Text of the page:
The “Agreement on Trade-Related Aspects of Intellectual Property Rights” or short “TRIPS” came into effect in 1995. It was one of the main achievements of the Uruguay Round. (Juma, 1999: p. 3) The Uruguay Round was “(…) quite simply the largest trade negotiation ever, and most probably the largest negotiation of any kind in history.” (WTO, 2011a)
TRIPS took place in the year 1986. The only reason why it was possible, were the long preliminary negotiations of the GATT member states. (WTO, 2011a) The negotiations were difficult, mainly because of the differences between developed and developing countries.
TRIPS covers “(…) copyright and related rights (i.e. the rights of performers, producers of sound recordings and broadcasting organizations); trademarks including service marks; geographical indications including appellations of origin; industrial designs; patents including the protection of new varieties of plants; the layout-designs of integrated circuits; and undisclosed information including trade secrets and test data.” (WTO, 2011b)
According to Nguy?n (2010, p. 2) the “(…) TRIPS Agreement brought … major changes to the development of global IP protection (…)”. It is part of a global rule-based trading system named WTO (World Trade Organization) and is qualified through a very powerful instrument for disputes in IPRs: the “Dispute Settlement Understanding (DSU)”. Member states agreed not to revenge violation of the agreement by their own, but instead calling the “Dispute Settlement Body” (DSB), an organ of the WTO. The decision of the DSB is compulsory. If a member state does not accept the decision it could face consequences such as trade blockades. (Busche, 2007: p. 32)
A good summary what TRIPS is, gives us Correra (1996):
- It established minimum standards of protection.
- The Agreement supplements the Paris, Berne, Rome and Washington conventions
- Substantive rules on IPR have been harmonized, but some important aspects remained at the national level
- It contains detailed measures related to the enforcement of rights and specific rules to combat misuse of trademarks and ‘pirated’ works
- It is possible for developing countries to delay the implementation of most of the TRIPs rules (because the agreement could have negative effects on the economy of developing countries)
- TRIPS implemented a dispute settlement procedure
- TRIPS is not self-executing, which means that national states have to transform the provisions of the agreement in national law. Article 8 implied that members can adopt measures necessary to protect public health and nutrition, or to promote sectors of vital importance to their socio-economic and technological development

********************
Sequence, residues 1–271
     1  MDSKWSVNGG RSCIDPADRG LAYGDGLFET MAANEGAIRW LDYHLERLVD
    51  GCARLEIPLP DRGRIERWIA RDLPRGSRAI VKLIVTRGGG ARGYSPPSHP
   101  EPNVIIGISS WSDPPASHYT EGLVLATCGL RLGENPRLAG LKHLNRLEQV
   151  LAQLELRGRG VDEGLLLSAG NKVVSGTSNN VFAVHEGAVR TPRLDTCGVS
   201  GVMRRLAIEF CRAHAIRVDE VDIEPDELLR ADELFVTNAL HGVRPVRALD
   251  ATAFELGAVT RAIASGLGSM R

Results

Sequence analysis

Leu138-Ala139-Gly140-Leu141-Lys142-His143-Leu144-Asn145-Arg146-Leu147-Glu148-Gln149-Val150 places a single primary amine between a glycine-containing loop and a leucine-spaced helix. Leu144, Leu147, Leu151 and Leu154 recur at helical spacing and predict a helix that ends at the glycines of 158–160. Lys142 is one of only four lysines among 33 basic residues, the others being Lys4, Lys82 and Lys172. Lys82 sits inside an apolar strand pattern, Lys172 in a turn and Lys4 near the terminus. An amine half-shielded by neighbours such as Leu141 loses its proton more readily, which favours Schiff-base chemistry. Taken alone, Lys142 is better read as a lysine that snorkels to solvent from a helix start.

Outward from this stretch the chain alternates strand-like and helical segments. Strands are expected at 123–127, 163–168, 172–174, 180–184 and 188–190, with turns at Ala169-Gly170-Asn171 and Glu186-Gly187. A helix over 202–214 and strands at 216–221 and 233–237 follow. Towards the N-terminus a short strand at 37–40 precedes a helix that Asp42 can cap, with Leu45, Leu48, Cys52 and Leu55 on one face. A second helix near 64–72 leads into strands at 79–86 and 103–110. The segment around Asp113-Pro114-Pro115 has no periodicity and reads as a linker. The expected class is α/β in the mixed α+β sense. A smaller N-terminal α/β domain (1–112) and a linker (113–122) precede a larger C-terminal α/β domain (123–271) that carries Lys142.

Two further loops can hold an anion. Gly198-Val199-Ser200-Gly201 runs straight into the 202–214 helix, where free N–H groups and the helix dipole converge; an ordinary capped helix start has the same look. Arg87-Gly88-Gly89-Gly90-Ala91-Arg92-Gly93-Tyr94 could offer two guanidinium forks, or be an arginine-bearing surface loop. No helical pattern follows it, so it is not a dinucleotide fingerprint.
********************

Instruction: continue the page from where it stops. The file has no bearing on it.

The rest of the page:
- Member states shall use appropriate measures to prevent abuse of IPRs by right holders and stop practices which restrain trade or the international transfer of technology
- The exhaustion of intellectual property rights is not regulated (Article 6)
Archibugi and Filippetti (2010, p. 9) outlined that TRIPS “(…) widening the technological gap between western and emerging economies.” They conclude in general that IPRs can be advantageous for countries with a technological infrastructure but have negative effects for poorer countries. Nevertheless, IPRs are overestimated for the importance of technology transfer, because there are other factors: “(…) size of the market, development of appropriate capabilities, endowment of cheap and ? or skilled human resources and the presence of a reliable institutional environment.” (p. 9) Exceptional, in the pharmaceutical industry it seems that IPRs have a great influence in avoiding coping. The authors doom TRIPS as an agreement pushed only by few western multinational companies which wanted to hold their privileged position. Nevertheless, the authors argue that TRIPS “(…) has not and could not change the nature of knowledge and the ways in which this can be transferred among economic agents.” (p. 10) Archibugi/Filippetti argue that the transfer of know-how is attached with the willingness to invest time and money. The power of companies derives from their economic monopolist position and not so much from their legal protection through IPRs. Finally they summarize their reflections in four theses: